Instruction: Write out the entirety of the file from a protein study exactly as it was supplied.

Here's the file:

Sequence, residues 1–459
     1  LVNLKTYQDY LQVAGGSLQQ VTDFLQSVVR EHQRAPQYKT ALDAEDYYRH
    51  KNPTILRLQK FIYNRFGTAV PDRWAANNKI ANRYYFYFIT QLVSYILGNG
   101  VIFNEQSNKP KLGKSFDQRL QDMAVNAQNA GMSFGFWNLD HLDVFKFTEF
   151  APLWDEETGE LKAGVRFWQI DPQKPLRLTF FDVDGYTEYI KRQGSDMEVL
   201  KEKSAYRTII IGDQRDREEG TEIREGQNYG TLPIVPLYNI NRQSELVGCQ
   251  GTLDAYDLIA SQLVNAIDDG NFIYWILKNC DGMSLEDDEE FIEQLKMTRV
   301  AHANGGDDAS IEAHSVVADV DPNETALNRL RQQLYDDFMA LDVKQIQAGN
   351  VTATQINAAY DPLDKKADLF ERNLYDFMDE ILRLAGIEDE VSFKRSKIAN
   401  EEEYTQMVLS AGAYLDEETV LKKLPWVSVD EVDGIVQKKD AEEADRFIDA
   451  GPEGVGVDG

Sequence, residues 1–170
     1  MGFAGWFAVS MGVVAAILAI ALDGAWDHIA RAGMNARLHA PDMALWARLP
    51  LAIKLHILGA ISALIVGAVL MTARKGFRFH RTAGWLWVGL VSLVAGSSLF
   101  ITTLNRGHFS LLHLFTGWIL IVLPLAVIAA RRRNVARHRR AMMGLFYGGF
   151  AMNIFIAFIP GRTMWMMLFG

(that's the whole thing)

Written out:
Sequence, residues 1–459
     1  LVNLKTYQDY LQVAGGSLQQ VTDFLQSVVR EHQRAPQYKT ALDAEDYYRH
    51  KNPTILRLQK FIYNRFGTAV PDRWAANNKI ANRYYFYFIT QLVSYILGNG
   101  VIFNEQSNKP KLGKSFDQRL QDMAVNAQNA GMSFGFWNLD HLDVFKFTEF
   151  APLWDEETGE LKAGVRFWQI DPQKPLRLTF FDVDGYTEYI KRQGSDMEVL
   201  KEKSAYRTII IGDQRDREEG TEIREGQNYG TLPIVPLYNI NRQSELVGCQ
   251  GTLDAYDLIA SQLVNAIDDG NFIYWILKNC DGMSLEDDEE FIEQLKMTRV
   301  AHANGGDDAS IEAHSVVADV DPNETALNRL RQQLYDDFMA LDVKQIQAGN
   351  VTATQINAAY DPLDKKADLF ERNLYDFMDE ILRLAGIEDE VSFKRSKIAN
   401  EEEYTQMVLS AGAYLDEETV LKKLPWVSVD EVDGIVQKKD AEEADRFIDA
   451  GPEGVGVDG

Sequence, residues 1–170
     1  MGFAGWFAVS MGVVAAILAI ALDGAWDHIA RAGMNARLHA PDMALWARLP
    51  LAIKLHILGA ISALIVGAVL MTARKGFRFH RTAGWLWVGL VSLVAGSSLF
   101  ITTLNRGHFS LLHLFTGWIL IVLPLAVIAA RRRNVARHRR AMMGLFYGGF
   151  AMNIFIAFIP GRTMWMMLFG